Frequently Asked Questions about the Honors Thesis

Why should I do an honors thesis?

The honors thesis is intended to give you an opportunity to complete your own, authentic, scholarly or creative work. This is different from a typical “school assignment” because you choose the topic, design and carry out the project, and make all decisions regarding the work. Your thesis chair serves as an advisor and consultant, rather than dictating the work to be done to you. Although this may seem daunting, it is a great opportunity for you to develop and improve skills related to your intended profession, or in an area of significant interest to you, with the close guidance of a dedicated team of experts—your thesis chair and committee. This experience should help you to get into your chosen professional or graduate school, find a job and excel in your chosen profession. Many employers and admissions committees hold the honors thesis in high regard. It is also a tangible example you can offer to demonstrate your skills and talents. Some students even use the honors thesis as the basis for work they will continue in graduate school, business or future employment.

How long will it take to complete my thesis?

This depends entirely on you and your committee. In general, it will take at least a semester of dedicated work to complete your thesis. However, many students work on the thesis over a longer period, sometimes a year or more. For this reason, we highly recommend that you begin working on the thesis in your junior year.

I’m afraid to get started and as a result, have been procrastinating. What should I do?

For most students, getting started is the hardest part of doing an honors thesis. See the steps above and concentrate on completing them one at a time, rather than allowing yourself to get bogged down worrying about all the steps at once. If you are really stuck, come in to the honors college and discuss your concerns with an advisor. Many students find it helpful to write out a tentative timeline for completing each step.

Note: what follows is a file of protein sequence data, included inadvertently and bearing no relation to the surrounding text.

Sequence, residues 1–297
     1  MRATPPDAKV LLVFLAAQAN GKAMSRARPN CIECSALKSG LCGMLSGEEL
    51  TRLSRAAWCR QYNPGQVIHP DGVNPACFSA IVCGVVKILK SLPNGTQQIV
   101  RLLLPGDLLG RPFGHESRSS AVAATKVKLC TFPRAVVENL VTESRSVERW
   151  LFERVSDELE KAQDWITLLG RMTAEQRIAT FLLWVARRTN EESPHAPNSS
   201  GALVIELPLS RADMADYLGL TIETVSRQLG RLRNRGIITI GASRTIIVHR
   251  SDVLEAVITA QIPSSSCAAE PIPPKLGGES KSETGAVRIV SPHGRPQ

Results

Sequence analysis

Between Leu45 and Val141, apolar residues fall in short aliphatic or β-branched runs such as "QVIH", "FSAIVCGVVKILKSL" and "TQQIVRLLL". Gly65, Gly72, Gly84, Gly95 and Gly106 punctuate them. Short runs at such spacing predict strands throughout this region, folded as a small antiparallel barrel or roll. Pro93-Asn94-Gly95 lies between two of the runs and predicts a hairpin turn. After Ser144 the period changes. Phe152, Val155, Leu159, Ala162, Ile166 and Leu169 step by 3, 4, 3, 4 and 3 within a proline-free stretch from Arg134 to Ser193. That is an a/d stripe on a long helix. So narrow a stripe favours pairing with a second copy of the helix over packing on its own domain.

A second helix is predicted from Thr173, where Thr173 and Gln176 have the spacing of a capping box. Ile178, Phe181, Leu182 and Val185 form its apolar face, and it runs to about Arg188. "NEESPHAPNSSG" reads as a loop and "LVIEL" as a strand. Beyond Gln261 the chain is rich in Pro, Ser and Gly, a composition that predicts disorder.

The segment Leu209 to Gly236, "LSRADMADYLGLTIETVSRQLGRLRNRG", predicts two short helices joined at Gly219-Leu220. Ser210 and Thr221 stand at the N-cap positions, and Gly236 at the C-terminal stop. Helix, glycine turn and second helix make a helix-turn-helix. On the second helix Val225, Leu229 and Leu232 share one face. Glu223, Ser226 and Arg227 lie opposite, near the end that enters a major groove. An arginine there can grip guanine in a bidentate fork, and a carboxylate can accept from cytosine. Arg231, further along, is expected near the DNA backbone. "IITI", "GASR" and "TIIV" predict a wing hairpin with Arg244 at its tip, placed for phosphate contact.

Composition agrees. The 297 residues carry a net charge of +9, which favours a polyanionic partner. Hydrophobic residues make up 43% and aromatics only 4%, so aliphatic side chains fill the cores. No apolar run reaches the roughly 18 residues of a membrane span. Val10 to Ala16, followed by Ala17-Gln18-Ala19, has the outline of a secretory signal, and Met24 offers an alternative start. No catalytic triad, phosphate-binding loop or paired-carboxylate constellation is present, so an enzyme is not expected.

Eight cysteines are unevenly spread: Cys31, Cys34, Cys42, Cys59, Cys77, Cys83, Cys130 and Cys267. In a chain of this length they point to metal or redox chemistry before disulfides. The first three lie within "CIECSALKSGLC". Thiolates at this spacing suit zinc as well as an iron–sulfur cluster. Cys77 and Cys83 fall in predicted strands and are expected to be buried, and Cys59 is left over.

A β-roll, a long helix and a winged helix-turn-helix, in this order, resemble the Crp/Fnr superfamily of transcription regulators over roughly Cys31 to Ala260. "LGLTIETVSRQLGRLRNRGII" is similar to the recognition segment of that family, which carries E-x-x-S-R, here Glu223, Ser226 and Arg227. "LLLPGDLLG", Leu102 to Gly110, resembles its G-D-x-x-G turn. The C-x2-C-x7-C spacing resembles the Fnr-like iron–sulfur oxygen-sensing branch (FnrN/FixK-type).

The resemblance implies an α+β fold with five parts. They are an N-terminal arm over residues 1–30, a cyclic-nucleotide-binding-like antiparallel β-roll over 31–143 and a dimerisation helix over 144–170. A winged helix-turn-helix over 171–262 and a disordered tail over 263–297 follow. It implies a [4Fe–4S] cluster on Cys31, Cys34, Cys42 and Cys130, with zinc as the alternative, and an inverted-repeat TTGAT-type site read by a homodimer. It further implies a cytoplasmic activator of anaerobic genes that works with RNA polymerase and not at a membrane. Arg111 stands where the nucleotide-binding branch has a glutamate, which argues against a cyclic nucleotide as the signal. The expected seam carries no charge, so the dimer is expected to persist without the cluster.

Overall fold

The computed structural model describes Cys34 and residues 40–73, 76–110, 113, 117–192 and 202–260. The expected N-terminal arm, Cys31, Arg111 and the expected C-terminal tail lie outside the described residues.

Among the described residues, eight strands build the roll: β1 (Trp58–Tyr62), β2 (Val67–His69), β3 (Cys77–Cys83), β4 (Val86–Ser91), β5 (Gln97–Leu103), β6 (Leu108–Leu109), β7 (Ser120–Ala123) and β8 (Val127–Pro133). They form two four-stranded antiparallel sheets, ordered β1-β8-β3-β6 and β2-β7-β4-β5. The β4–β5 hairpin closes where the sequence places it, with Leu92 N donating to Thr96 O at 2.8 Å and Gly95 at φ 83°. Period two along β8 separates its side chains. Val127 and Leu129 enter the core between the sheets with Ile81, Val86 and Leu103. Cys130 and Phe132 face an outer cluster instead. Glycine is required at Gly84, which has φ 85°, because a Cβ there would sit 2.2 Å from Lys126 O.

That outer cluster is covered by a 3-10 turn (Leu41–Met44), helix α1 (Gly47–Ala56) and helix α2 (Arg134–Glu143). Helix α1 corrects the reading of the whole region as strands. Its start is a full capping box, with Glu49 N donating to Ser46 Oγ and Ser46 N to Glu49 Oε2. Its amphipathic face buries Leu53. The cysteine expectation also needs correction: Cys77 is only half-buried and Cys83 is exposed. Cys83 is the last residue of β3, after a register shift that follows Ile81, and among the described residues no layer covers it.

I heard that the thesis is supposed to be at least 50 pages (or 100 pages or 200 pages...) long. Is this true?

No! There are no requirements regarding the length of your thesis. The thesis length is dictated by the professional norms of your particular field of study. Ask your thesis committee what they think is reasonable. In most cases, the written thesis is 20 to 40 pages long. Don’t worry about trying to reach a particular length, however. Quality, not quantity, is what matters in an honors thesis.

Does the thesis need to be completed in my major program of study?

No, you may complete a thesis in any area of interest to you.

What can I expect from my thesis chair?

Your thesis chair should be willing to meet with you and should help you to refine ideas for your project and should give you substantive feedback on your progress in a timely manner. The chair should treat you as an advisee, or a collaborator, not as an employee or a student completing a specific class assignment. Your thesis chair should help you to identify clear milestones, deadlines and due dates for your project.

What can I do to make sure I have a productive relationship with my thesis chair?

You should plan to meet with your thesis chair often. We recommend setting up regularly scheduled meetings (once a week, bimonthly or at least once a month). Of course, you should show up for these meetings and be prepared for them. You should do your best to meet deadlines that you and your thesis chair set for your project. If you get stuck, you should ask questions and let your thesis chair know that you are having difficulties—this is not the time to cancel meetings and avoid making eye contact with your thesis chair when you run into them at BIGGBY. You should think creatively and be proactive, recognizing that this is not just another class assignment—it’s your thesis! It is up to you to define the project and to be an active participant in the work. You should also take advantage of your whole committee—seek their expert guidance and feedback along the way, not just when it is time to turn in the final thesis.

What’s the deal with HNRS 4990?

At present, HNRS 4990 does not count as an honors class and is not required. However, you may wish to take HNRS 4990: Honors College Thesis to formalize your relationship with the thesis chair, to get additional WMU credit or simply as a way to formally dedicate time in your schedule to your thesis project. If you choose to take HNRS 4990, you and your thesis chair should fill out the HNRS 4900 formsign it and turn it in to Debra Gambino or Anthony Helms, who will enroll you in the course.